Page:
Now, we at GWBlogspot don't pretend to be perfect. We think our little corner of the web serves its purpose, and we hope to maintain some journalistic integrity as we work to be a voice to GW Students. Do we always succeed? Of course not. But we don't pretend that we do.
There's a certain sense of entitlement that comes with working at The Hatchet, that I think is working against them. As the biggest student newspaper, and the only one published as often as they are, the reporters, researchers, and editors there have become disconnected from what is going on here with the little people of GW. They forget that their newspaper isn't the be all, end all of student news, and refuse to work with other news organizations. And this hurts them. When all of your news and tips come from the university, you're in dangerous territory. Your reporting may be great, but if you're not reporting what's important to students, it doesn't matter.
I, personally, think the Hatchet could be an invaluable asset to the students of GW. It would given a forum to create a discourse on the problems facing GW students, and would allow them a way to organize with other students to fight for what we need. Instead, the paper has become watered down and useless; so concerned with keeping its ties to the information lines in the university that it refuses to challenge the status quo. I don't expect Woodward and Berstein from the Hatchet, but there are legitimate issues facing GW students today that are going unrecognized. If you're going to claim to be "independent," you better be darn sure to stand up when the students of GW need a voice.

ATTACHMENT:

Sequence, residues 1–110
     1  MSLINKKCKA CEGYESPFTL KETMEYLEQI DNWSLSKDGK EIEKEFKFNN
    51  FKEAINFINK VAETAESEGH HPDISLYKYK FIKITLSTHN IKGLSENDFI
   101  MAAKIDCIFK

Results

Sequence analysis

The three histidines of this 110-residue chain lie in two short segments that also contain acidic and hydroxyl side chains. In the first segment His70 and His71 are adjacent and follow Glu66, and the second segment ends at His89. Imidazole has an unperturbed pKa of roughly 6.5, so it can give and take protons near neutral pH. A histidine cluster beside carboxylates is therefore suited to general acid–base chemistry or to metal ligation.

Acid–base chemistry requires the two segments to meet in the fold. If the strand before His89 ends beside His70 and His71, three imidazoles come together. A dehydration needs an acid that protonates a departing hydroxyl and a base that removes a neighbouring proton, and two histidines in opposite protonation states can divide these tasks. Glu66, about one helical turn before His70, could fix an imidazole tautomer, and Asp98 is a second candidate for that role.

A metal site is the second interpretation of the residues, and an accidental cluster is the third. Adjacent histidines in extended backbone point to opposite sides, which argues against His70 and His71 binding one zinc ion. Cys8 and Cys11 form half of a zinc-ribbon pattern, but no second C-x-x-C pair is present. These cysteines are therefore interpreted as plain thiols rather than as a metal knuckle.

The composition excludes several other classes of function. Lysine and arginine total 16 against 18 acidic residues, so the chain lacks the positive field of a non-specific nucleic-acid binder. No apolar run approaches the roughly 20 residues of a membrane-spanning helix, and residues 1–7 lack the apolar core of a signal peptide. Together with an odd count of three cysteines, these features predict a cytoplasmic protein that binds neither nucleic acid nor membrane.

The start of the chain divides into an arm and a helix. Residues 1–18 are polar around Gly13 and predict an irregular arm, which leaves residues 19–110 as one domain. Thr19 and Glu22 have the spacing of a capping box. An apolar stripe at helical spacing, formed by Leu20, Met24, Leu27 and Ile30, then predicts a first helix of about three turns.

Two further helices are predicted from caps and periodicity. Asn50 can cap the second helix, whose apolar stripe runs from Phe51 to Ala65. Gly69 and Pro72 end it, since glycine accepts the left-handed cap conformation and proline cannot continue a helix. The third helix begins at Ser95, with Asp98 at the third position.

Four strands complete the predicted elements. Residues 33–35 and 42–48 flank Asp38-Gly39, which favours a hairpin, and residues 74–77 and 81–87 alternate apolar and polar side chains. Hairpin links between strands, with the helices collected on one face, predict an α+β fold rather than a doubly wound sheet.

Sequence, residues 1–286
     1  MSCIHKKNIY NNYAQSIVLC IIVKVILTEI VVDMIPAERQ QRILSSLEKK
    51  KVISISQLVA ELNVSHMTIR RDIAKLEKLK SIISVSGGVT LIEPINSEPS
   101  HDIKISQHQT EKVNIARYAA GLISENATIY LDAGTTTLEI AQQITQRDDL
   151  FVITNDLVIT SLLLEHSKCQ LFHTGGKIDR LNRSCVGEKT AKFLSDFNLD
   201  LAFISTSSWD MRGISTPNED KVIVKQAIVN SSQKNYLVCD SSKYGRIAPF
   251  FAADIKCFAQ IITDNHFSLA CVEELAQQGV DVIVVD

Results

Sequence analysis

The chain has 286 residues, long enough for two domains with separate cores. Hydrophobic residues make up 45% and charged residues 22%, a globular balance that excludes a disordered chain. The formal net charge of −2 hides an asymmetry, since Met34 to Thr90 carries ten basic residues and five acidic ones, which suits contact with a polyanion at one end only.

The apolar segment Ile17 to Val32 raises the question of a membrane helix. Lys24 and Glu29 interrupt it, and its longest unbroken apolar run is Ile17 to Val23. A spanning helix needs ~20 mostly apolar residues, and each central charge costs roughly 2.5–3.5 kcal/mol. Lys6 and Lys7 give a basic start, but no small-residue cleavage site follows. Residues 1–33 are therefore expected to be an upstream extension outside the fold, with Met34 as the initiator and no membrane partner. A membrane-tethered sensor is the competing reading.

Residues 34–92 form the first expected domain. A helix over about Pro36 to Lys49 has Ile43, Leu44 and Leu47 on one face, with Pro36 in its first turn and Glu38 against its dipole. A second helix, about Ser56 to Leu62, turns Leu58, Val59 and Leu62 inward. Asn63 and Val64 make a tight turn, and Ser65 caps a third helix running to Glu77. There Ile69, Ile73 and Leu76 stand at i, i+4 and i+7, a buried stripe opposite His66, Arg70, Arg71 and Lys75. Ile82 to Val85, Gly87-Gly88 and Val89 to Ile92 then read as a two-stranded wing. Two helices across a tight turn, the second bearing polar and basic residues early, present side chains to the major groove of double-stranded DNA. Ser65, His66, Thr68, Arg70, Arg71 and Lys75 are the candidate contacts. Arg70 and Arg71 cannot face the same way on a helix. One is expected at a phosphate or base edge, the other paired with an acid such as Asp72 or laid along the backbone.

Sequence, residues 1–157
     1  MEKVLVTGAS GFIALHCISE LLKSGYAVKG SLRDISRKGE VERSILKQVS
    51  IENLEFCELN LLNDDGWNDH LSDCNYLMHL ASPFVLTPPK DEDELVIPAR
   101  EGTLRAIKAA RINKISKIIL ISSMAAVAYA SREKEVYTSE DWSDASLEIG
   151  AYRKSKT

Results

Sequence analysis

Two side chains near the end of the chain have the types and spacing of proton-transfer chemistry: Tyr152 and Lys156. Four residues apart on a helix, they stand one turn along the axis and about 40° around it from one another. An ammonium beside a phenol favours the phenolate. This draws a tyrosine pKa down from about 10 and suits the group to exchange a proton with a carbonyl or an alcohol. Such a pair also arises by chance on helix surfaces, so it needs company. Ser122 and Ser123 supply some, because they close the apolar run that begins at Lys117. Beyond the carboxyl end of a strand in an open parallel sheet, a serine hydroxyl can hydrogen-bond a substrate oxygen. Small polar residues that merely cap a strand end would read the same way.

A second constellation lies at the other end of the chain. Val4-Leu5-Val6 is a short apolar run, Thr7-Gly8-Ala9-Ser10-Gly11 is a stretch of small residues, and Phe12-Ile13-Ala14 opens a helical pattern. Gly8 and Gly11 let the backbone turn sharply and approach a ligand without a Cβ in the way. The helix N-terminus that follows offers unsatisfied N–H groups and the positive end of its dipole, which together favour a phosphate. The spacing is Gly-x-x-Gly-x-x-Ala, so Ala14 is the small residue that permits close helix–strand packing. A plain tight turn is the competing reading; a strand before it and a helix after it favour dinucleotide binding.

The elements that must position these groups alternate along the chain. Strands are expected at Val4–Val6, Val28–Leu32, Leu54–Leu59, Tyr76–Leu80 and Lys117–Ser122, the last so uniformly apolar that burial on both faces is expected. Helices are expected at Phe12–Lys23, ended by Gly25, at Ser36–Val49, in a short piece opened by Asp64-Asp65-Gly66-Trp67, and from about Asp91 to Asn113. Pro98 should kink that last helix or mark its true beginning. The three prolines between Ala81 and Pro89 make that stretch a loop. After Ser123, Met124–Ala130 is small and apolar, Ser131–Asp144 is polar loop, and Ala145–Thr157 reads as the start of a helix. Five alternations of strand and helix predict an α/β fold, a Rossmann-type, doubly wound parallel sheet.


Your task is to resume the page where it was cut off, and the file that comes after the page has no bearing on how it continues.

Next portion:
Until then, I encourage you to avoid the conglomerate that the Hatchet has become. We at GW are lucky enough to have many other student media outlets, ones that are smaller and legitimately have an ear to the issues facing GW students. Make sure to check out the Daily Colonial, the GW Patriot, and Inside the SA, and keep updated here at the GWBlogspot.
In the mean time, stay informed, stay active, and make your voice heard.
"Nowhere in the rules or charter is there an allowance, even for honest mistakes."New poll question is up.
Tuesday, March 24, 2009
We will finally have a SA President Thursday Night
So far its been confusing, drawn out, and just downright ridiculous at times. Don't let this deter you though, tomorrow while in class, in your dorm room, studying in the library, anywhere with internet access be sure to log in to www.GWelection.com and Vote! Its free and easy, so why not make your voice heard.
Here are some other reasons:
1. You get free candy on H Street
2. The girl/guy/TA you have a crush on thinks people who vote are hot
3. Its good practice for the real world (Remember the butterfly ballot?)
4. You get instant Karma
5. You officially (unofficially) get permission to complain about the SA next year
Should you vote for me? I think so, but if you want to find out more be sure to go to www.pickpolk.com
From the decision (almost the whole thing):
In a 2-1 decision, this Court finds:This is the most interesting part:
that the Joint Elections Committee did not abuse its discretion with regard to JEC Finding of Fact and Order S09-056, and
that the Joint Elections Committee did not abuse its discretion with regard to JEC Finding of Fact and Order S09-057.
Therefore, this Court orders:
that JEC Order S09-056 be affirmed,
that JEC Order S09-057 be affirmed, and
that the order of disqualification against Mr. Boyer be affirmed.
While the members of this Court disagree with the analysis of the JEC, and perhaps even the outcome, they recognize the deference due to the JEC and cannot find an instance of abuse of discretion.
A formal opinion will be issued by this Court in compliance with the Bylaws of the Student Court.
IT IS SO ORDERED.